Saving the World (Some Restrictions Apply)
Never has the humanitarian impulse been stronger. From Darfur to Myanmar, every crisis elicits global compassion and offers of assistance. But while today’s many eager helping hands are accomplishing a great deal, they must move with care, for even the most high-minded aid can sometimes do a lot of harm.
The Burden of the Humanities
What use are the humanities? Even some scholars no longer seem sure. But at a time when bioengineering throws into question what it means to be human, the answer should be obvious.
More Stories From This Issue
Human Trafficking? Call It What It Is: Slavery
The abolition of slavery was the great cause of 19th century humanitarians. In the 21st century, it needs new champions.
The Traffic Guru
An unassuming Dutch traffic engineer showed that streets without signs can be safer than roads cluttered with arrows, painted lines, and lights. Are we ready to believe him?
Why Can't We Build An Affordable House?
One explanation of America's housing market collapse is that too many people bought too much house. The solution: build more affordable houses. Here's what stands in the way.
The rapid expansion of relief efforts since the end of the Cold War has produced a surprising result: a series of difficult moral questions about the humanitarian enterprise.
The New Face of Global Giving
A new humanitarianism is emerging as private donors and governments respond to the world's needs.
How did the ‘population control’ movement go so terribly wrong?
It seemed an obvious answer to the ills of the developing world. So how did the population control movement go so terribly wrong?
Why do we send children weaned on video games into the woods with knives and kindling? A perplexed father considers the beloved American tradition that is summer camp.
The Death of Mercy
The quality of mercy may not be strained, as Portia said in Shakespeare's Merchant of Venice, but it's quantity certainly is - at least if you're an accused or convicted lawbreaker.
The Rise of the Donor Class
Meet the donor class, a small group of wealthy, highly educated urban and suburban residents with the means and inclination to influence the outcomes of congressional races far afield.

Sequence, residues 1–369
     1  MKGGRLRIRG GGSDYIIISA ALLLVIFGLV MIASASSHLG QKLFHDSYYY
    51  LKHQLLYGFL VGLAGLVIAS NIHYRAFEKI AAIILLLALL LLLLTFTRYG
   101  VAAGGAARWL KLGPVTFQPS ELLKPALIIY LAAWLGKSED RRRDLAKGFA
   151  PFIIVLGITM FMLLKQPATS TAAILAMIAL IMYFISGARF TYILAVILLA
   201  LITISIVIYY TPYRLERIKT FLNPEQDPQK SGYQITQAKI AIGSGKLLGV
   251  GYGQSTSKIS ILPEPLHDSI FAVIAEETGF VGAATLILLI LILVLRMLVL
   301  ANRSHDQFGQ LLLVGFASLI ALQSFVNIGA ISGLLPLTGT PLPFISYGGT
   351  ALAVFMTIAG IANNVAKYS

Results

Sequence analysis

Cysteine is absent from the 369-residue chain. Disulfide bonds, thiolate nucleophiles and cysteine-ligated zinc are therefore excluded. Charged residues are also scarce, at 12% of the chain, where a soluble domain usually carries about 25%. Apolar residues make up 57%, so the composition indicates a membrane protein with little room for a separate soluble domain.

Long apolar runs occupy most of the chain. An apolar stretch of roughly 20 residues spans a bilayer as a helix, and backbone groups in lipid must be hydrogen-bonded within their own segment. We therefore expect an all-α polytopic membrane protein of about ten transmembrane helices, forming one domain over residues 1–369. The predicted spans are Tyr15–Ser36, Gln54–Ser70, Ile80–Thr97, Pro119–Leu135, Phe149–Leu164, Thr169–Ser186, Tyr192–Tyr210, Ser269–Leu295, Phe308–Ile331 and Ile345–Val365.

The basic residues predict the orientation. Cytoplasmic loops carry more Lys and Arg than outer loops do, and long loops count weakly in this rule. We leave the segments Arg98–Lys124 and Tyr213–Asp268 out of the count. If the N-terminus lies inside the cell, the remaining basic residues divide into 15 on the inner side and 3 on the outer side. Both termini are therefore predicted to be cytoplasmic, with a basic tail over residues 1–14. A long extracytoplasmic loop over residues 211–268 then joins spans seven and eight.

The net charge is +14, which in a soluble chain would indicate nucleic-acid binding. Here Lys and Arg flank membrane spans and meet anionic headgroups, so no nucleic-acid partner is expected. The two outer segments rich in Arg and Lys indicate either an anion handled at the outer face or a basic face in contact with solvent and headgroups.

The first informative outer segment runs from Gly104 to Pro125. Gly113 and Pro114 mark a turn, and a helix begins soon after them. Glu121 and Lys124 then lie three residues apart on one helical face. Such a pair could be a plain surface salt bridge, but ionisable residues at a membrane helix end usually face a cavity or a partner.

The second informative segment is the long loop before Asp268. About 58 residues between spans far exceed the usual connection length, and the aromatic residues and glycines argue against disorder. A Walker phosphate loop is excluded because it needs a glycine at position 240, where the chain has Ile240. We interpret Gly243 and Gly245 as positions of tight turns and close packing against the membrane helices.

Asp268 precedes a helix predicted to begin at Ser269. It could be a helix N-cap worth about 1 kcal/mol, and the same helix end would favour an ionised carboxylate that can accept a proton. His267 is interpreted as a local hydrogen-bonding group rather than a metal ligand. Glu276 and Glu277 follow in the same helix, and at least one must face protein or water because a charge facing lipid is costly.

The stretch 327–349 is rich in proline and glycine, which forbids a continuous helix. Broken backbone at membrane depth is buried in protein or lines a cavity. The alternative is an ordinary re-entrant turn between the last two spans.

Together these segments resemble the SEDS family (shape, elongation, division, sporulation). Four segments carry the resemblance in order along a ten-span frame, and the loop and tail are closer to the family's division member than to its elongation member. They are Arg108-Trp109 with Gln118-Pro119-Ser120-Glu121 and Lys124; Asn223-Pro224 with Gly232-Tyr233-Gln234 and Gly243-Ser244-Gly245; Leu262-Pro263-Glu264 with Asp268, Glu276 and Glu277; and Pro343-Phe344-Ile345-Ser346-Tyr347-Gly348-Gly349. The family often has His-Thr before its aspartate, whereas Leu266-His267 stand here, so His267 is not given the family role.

New Directions in Pork
Some little-known tips for reaping Federal pork dollars. Hint: Vote against the president.
Legislators with daughters are significantly more likely to cast liberal votes
Lobbyists take note: Having a female child significantly increases the likelihood that a legislator will cast a liberal vote, particularly on reproductive rights issues.
Unmasking the Surge
A foreign policy expert warns that the troop surge in Iraq, while yielding short-term gains, may endanger Iraqis later on.
Four Middle East dictators, backed by the U.S. for the stability they bring, are getting old, and none have a successor with clear popular support.
The Rule of Slogans
"The rule of law" is the latest thing in economics. Trouble is, no one is quite sure what it means, or whether it yields positive results.
CEO Pay: Worth Every Penny
Chief executive pay went up by more than 500 percent, on average, from 1980 to 2003, but so did the value of the top 1,000 firms.
The Baby Penalty?
Highly educated women delay having children longer than those without as much schooling, and face greater wage losses if they don't.
In Praise of Renting
One thing has been made clear by the housing crisis: not everyone should own their own home. Renting has its merits.
Those looking for the elusive ivory-billed woodpecker would do well to listen to the locals.
School Choice Apostasy?
A recent book criticizes the school choice movement, and opens up a hornets' nest of angry retorts.
Nut Gets Nukes
The news media focused on Kim Jong Il's peculiarities while missing the story on North Korea developing nuclear capabilities.
France Under Nazi Rule: Currying Maximum Favor
The French turned over far more money to the Nazi occupiers in World War II than the armistice called for, so much, in fact, that the Germans could not spend it all.
Blood for Liberty
John Stuart Mill believed the American Civil War to be a necessary evil, worth the terrible cost to eradicate slavery from society.
Nietzsche and the Nazis
Many scholars view Friedrich Nietzsche's exploitation by the Nazis as a travesty based on ignorance and willful distortion, but the truth may be more complicated.
Dad's Biological Clock
Women have long been warned that their own unhealthy practices can be devastating for children they bear, but new research is showing that fathers contribute their own medical legacies.
Maybe life really is one in a hundred billion. If so, that might be good news for Earth.
William Faulkner, a reclusive writer fond of drink, might seem a curious emissary to foster American goodwill abroad, but during the Cold War, artists and intellectuals were considered not only relevant but vital to U. S. foreign policy.
If embassy size relates proportionately to international prestige, what are we to make of two mammoth new entries -- the Chinese embassy in Washington, and the new U. S. embassy in Baghdad?
Spain's Memory Wars
Spain's calls for justice against Augusto Pinochet raised a clamor for the country to come clean about atrocities committed during the Franco years.
Cultural Learnings of Kazakhstan
Kazakhstan officials are frustrated by their most famous "citizen": Borat, the comic buffoon created by comedian Sacha Baron Cohen, who has brought unwelcome attention to the former Soviet satellite but boosted tourism.
Michael Anderson on Marcus Garvey, "the most confounding figure in the history of black America."
Russia's Flawed Hero
Lynn Berry on Boris Yeltsin, the complicated figure who "gave Russians a personal independence that they will not easily relinquish."